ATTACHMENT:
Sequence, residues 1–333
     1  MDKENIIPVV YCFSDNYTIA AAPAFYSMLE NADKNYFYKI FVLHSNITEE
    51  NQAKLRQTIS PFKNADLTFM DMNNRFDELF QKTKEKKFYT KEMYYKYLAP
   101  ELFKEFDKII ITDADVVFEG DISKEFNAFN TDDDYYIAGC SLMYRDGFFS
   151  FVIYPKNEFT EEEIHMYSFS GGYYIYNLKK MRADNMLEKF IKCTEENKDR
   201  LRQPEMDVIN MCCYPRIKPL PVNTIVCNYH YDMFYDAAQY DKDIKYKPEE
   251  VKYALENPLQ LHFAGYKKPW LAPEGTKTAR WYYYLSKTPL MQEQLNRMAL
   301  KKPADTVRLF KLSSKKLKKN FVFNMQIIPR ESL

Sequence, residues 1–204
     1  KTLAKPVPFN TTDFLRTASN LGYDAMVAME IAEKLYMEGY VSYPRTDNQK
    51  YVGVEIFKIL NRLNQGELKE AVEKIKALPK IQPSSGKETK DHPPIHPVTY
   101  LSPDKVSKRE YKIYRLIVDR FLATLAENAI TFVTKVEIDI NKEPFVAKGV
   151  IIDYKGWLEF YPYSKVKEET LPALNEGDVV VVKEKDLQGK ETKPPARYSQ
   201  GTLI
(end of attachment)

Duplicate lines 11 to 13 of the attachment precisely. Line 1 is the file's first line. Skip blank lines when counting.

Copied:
    51  YVGVEIFKIL NRLNQGELKE AVEKIKALPK IQPSSGKETK DHPPIHPVTY
   101  LSPDKVSKRE YKIYRLIVDR FLATLAENAI TFVTKVEIDI NKEPFVAKGV
   151  IIDYKGWLEF YPYSKVKEET LPALNEGDVV VVKEKDLQGK ETKPPARYSQ